Armed with a bow and arrows, Feyre goes to the western woods, sets a trap for the Suriel, and climbs a tree to wait. A shriek confirms that her trap worked and she climbs down the tree to confront the Suriel, a thin creature with a bony face, white eyes, and yellow fingernails, dressed in tattered robes. The Suriel tells Feyre she cannot go home without risking death for her and her family. He reveals that Tamlin is the High Lord of the Spring Court and tells her that staying with Tamlin will keep her safe from the blight. As she seeks more detail, the Suriel tells Feyre about the King of Hybern, the land across the sea. Angered by the terms of the Treaty, the king sent creatures to infiltrate the courts. One of these, the Deceiver, betrayed the King. The Suriel suddenly stops the story and tells Feyre they are not alone. He begs Feyre to free him and run, telling her that the naga, shadowy, hateful faeries, were drawn by his scream and her scent. Before Feyre can act, four naga approach.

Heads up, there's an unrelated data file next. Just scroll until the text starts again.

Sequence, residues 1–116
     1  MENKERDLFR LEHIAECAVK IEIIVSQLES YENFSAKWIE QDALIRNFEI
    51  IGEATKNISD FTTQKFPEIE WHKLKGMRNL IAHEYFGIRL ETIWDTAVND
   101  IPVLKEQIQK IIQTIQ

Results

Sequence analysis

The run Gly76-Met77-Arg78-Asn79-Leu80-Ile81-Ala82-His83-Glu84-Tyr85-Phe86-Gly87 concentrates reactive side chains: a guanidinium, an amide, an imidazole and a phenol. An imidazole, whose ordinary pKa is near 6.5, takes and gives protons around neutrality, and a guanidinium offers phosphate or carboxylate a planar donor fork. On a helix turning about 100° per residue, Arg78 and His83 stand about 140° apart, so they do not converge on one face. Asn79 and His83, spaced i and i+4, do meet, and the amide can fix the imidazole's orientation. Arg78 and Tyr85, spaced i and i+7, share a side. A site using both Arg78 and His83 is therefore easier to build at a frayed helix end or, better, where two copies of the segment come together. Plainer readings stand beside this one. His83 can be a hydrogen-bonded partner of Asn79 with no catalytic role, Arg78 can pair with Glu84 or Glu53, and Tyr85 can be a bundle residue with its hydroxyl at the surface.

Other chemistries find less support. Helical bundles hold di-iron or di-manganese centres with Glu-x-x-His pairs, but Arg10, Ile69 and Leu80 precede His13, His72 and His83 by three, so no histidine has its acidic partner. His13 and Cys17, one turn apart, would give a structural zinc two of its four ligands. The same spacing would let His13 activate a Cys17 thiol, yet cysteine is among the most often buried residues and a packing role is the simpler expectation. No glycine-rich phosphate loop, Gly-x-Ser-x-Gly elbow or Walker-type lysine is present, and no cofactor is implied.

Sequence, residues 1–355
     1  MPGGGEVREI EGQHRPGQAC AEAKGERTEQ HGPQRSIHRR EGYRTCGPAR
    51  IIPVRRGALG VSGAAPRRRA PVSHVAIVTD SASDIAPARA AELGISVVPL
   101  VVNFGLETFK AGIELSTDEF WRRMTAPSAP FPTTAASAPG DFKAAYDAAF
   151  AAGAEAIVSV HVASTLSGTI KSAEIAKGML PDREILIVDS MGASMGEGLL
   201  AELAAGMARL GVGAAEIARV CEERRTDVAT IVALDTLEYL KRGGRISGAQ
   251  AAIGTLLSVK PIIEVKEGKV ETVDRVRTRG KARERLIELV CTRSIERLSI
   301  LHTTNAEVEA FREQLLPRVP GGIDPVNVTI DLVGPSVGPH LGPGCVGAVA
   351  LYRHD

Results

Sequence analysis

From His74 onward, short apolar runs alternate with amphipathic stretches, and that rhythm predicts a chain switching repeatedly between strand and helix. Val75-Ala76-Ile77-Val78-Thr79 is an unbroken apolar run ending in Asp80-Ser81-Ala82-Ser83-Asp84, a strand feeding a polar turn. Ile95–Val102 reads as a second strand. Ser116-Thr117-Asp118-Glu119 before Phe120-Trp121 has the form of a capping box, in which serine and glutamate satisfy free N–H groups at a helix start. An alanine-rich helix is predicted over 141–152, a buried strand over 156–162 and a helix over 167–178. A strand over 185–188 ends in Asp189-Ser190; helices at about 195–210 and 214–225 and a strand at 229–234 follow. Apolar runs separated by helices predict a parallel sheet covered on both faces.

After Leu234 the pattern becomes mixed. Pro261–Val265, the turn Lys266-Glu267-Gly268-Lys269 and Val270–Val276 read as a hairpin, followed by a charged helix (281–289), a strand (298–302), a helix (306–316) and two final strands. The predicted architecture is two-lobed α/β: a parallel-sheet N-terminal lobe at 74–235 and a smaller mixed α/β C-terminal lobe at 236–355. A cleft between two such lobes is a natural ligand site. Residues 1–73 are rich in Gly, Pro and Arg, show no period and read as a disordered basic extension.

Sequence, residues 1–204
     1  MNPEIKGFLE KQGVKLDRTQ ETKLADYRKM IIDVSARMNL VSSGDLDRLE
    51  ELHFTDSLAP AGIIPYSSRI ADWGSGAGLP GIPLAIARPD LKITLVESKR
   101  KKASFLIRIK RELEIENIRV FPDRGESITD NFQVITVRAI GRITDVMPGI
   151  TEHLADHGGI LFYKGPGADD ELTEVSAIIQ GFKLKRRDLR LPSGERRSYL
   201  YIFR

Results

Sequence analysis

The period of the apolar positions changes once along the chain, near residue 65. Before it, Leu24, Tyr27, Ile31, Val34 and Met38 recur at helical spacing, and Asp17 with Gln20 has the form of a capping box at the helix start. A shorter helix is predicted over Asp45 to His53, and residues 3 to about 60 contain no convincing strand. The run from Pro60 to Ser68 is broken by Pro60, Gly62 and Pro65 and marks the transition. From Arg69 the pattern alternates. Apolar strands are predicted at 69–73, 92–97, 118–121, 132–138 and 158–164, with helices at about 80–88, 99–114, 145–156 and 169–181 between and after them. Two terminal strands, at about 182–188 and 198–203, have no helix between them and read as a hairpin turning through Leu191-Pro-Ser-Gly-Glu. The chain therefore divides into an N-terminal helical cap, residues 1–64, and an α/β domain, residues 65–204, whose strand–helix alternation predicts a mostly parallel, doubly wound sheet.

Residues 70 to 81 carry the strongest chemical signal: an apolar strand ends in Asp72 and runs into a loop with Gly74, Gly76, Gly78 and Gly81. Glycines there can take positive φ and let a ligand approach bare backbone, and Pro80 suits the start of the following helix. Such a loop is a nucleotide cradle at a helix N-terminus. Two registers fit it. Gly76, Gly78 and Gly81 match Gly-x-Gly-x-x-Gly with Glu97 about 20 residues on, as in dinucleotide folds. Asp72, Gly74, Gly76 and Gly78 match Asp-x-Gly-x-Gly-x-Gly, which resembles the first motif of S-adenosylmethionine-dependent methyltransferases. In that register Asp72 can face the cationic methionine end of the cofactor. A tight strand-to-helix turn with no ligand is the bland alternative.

For Feyre, gaining knowledge is essential to her survival. When she wanders the palace halls, Feyre utilizes the instincts she learned hunting and marks places to hide and ways to escape. Though Feyre feels frustrated by her inability to read and write, and is embarrassed that Tamlin knows, he’s impressed at all she can do without these skills. Ironically, Feyre has access to Tamlin’s extensive study yet can’t access any of the knowledge in the books. Feyre displays her usual determination as she copies words from the books so she can eventually send a letter to warn her family. Though Tamlin has guaranteed their care, she’s still doing everything she can to protect them. When Feyre discovers the mural, she realizes that books offer just one way to share knowledge. By examining the mural, she learns about the creation of Prythian, the war, the different territories, and the seven courts. Each bit of information serves as an arrow in her quiver, another piece of knowledge that may assist her one day. When Feyre returns to her books and writing, she reveals another facet of her personality—frustration at not being able to succeed at a task on her own. Feyre feels like a helpless child, growing increasingly uncomfortable and angry, particularly when Tamlin offers his help. Hearing Tamlin and Lucien argue, knowing they’re not telling her everything about the blight, convinces Feyre they don’t trust her or think she’s not worthy. If knowledge equals power, a lack of knowledge leaves Feyre feeling powerless and insignificant.